By Lynn R. Mitchell
Sitting across the lunch table from Tim Martin in Staunton earlier this year, I asked why he was challenging long-time incumbent Commonwealth’s Attorney Lee Ervin instead of waiting perhaps one more term when Ervin would possibly retire.
Martin looked at me with a steady stare and replied, “Why not now?”
Why not, indeed. Working as a deputy Commonwealth’s Attorney in Staunton after moving from Richmond to Augusta County in 2013, Martin, 39, easily defeated Ervin on Tuesday with 62 percent of the vote.
When I learned of Martin’s interest in running for Commonwealth’s Attorney, I looked into his background since he was from Richmond — Henrico, to be specific — and I’m from Richmond — Chesterfield, to be exact. That was when I realized his brother was the victim of a well-publicized , horrendous crime in Richmond years ago, a crime many Richmonders remember, and his story is compelling because of that crime. He wrote about it on his campaign website:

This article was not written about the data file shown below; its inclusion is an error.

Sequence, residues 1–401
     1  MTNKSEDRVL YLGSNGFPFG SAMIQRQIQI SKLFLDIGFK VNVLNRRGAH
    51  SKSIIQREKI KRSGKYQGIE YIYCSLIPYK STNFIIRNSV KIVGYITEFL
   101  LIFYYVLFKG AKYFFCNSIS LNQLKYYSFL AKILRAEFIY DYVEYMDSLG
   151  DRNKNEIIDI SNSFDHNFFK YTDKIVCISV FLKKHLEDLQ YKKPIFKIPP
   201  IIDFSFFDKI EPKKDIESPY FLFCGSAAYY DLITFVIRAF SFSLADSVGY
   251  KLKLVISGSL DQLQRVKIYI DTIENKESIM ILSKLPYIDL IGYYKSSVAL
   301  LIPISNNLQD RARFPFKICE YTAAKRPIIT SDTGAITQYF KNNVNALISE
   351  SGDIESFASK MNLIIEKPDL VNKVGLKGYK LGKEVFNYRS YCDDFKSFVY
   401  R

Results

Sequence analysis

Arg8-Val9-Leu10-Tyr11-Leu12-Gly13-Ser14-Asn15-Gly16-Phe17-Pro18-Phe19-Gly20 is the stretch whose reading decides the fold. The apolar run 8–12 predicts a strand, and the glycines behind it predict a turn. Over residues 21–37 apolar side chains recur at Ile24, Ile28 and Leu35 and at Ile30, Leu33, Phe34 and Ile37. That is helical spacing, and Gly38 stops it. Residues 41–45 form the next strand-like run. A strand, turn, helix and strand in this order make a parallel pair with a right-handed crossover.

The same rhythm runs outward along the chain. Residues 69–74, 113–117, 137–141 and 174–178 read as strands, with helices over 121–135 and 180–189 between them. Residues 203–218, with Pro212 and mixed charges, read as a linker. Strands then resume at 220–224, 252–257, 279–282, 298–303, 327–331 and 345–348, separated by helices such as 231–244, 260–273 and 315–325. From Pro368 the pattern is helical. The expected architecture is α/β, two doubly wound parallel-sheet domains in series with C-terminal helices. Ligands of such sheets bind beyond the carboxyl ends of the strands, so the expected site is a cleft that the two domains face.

When I was in high school, my brother was the victim of a horrendous crime. He and his girlfriend were robbed at gunpoint by complete strangers. They complied with all the demands, but were still shot in the head, execution style. He survived, but she died as a result of her injuries. The men who did it were caught, tried, convicted, and they have both been executed. This event had a profound impact.
After I graduated from college, I got a Master’s Degree in Criminal Justice before going to law school. I knew I wanted to be a prosecutor. I was hired out of law school by the Commonwealth’s Attorney’s Office in Richmond, where I got to work under Learned Barry, the man who prosecuted my brother’s attackers, and a personal hero of mine.
That same intensity was put to use on the campaign trail, and the results were a win. Augusta County not only has a new sheriff but also a new Commonwealth’s Attorney. A page has turned in this corner of the Shenandoah Valley.